It was impossible not to be won over early on by the Edinburgh Jazz Festival’s 2017 poster girl Kandace Springs. Looking like Scary Spice circa 1997 thanks to the combination of big hair and skin-tight, navel-baring attire – and displaying a similar youthful exuberance – Springs got the packed Spiegeltent crowd onside almost immediately thanks to her energy and charisma. Oh, and her playful sense of humour – much of it directed at her unlucky-in-love bass player.
George Square Spiegeltent ***
Which was just as well, as this 27-year-old rising star from the prestigious Blue Note stable initially served up a number of awfully repetitive dirges with unintelligible lyrics, the titles of which could only be deduced from those phrases that were repeated the most. Even the eloquent lyrics of Billy Strayhorn’s classic ballad Lush Life, later in the evening, got lost in the musical mix of Springs’s voice plus rhythm section.
Accompanying herself on either audience-facing Fender Rhodes or the grand piano to which she dived back and forth, Springs revealed a gorgeous, rich, velvety voice which was best showcased on more tuneful numbers. Sam Smith’s Stay With Me – the song which put her on the map and attracted the attention of no less impressive a mentor than Prince – was a step in the right direction, but it was two ballads from the 1930s, on which she played solo, without the repetitive rhythms of bass and drums, that she really shone.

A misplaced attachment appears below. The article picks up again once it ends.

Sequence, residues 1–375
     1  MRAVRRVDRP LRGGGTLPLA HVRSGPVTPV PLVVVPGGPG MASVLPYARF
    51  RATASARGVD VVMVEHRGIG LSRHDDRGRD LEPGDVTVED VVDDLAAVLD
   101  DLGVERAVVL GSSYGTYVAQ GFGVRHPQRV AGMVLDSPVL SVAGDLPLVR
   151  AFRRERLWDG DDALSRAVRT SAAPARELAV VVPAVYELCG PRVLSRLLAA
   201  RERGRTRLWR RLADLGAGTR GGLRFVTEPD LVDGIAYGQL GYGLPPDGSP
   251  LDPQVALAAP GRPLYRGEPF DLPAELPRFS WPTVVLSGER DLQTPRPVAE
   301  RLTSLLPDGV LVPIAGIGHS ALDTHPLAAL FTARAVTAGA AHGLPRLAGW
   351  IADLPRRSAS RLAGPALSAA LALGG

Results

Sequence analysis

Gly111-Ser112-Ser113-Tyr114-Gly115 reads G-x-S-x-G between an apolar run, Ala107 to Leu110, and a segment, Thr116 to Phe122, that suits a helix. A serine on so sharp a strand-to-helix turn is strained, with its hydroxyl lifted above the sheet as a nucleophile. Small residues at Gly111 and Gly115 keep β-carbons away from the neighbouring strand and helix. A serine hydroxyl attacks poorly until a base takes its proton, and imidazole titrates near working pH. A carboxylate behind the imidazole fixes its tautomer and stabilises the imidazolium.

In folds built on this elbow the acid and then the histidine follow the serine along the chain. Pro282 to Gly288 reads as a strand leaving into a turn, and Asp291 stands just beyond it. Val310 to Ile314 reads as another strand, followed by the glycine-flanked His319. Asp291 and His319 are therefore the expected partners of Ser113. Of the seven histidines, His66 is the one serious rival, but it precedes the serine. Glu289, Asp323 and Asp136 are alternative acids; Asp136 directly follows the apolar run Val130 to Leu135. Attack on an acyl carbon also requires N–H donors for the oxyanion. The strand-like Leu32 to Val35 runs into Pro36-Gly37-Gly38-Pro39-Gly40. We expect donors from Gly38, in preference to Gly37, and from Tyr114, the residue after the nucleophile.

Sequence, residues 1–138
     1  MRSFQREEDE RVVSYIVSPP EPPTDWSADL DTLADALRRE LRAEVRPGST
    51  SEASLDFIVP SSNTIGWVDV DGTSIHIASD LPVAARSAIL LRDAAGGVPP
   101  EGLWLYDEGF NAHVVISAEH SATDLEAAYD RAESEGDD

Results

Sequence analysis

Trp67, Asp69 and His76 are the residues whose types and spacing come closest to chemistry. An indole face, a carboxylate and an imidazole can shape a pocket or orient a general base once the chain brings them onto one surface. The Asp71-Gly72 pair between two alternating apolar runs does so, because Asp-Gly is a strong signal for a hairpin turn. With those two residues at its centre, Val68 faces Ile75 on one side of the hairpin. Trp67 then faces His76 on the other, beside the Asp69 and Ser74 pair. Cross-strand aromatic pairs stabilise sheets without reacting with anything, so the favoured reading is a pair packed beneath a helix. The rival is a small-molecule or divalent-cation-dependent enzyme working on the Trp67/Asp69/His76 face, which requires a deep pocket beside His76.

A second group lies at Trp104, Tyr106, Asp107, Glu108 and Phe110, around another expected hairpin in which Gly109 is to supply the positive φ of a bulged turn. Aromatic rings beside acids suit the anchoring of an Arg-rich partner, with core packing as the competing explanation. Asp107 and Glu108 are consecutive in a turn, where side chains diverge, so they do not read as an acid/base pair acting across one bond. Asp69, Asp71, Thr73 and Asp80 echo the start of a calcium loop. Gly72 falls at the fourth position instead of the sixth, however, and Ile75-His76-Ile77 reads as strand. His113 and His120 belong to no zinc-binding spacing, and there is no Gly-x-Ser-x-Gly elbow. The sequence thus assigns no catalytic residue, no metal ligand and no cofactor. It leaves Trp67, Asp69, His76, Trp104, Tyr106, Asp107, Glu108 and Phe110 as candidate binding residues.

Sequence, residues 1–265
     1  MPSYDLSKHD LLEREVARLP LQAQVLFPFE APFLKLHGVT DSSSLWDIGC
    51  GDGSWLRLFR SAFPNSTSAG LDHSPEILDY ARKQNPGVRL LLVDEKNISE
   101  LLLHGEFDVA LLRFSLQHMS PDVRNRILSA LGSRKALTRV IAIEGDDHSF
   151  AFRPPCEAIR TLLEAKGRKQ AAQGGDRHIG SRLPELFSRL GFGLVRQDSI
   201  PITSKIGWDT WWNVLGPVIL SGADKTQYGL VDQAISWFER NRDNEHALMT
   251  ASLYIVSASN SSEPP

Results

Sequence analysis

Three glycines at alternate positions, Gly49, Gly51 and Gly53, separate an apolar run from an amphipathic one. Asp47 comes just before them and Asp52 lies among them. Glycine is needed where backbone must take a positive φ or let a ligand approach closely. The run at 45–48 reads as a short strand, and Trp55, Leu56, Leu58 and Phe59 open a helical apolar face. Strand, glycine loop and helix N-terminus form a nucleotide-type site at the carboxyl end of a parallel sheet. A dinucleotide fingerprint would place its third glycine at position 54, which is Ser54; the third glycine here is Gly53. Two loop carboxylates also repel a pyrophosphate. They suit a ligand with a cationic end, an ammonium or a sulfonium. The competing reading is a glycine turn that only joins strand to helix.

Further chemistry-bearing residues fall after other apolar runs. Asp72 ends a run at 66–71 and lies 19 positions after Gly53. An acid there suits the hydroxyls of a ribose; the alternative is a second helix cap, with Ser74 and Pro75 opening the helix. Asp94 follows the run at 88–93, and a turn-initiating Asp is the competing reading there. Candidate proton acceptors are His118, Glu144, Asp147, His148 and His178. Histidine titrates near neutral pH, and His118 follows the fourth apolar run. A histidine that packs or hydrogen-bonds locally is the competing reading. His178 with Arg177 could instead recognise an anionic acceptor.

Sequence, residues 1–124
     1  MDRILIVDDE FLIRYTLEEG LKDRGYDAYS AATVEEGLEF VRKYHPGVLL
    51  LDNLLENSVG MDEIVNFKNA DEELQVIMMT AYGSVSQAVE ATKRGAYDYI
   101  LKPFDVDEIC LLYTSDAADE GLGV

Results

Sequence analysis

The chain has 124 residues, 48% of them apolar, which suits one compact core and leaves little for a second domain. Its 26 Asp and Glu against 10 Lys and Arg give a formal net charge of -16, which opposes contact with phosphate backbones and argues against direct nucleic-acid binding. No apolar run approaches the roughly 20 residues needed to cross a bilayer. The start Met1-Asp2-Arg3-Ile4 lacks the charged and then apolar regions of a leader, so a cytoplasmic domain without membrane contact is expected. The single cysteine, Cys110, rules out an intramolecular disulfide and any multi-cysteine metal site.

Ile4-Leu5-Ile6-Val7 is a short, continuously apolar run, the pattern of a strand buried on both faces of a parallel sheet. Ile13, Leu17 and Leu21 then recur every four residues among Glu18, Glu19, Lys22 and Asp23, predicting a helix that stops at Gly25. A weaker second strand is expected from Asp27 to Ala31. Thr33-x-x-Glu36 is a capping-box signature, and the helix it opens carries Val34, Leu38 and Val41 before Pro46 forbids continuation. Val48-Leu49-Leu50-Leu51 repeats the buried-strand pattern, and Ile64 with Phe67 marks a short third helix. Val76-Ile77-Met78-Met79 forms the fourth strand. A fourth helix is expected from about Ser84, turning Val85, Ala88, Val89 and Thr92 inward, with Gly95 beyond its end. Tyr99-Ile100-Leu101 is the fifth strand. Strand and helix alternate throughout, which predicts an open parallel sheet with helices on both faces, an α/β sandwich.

In her hands, Duke Ellington’s Solitude and Hoagy Carmichael’s The Nearness of You both sounded fresh and as relevant as when they were first penned. Springs’s voice was utterly ravishing - lush, gentle and breathy – and it was worth sitting through the more disappointing numbers for those plus her stunning closer, First Time Ever I Saw Your Face.
While Springs may have come to Edinburgh’s George Square from Nashville (via Prince’s Paisley Park), Georgia Cecile – who headlined the West Princes Street Gardens Spiegeltent on Wednesday evening – only had to travel from Glasgow. But, on the evidence of her jazz festival debut, she has quite a bit in common with the American singer.
Like Springs, she has a powerful, soulful voice (and American accent – but only when she sings), and it was heard to best effect on the numbers which were less cluttered with distracting rhythms being repeated over and over by bass and drums.
Anyone who watched the clips on the jazz festival website of Cecile singing standards might have been disappointed to find that she mostly steered clear of those in a set which was dominated by original material (written with her pianist Euan Stevenson), some of which – notably The Month of May, Come Summertime and Always Be Right For Me – worked much better than others in sustaining interest.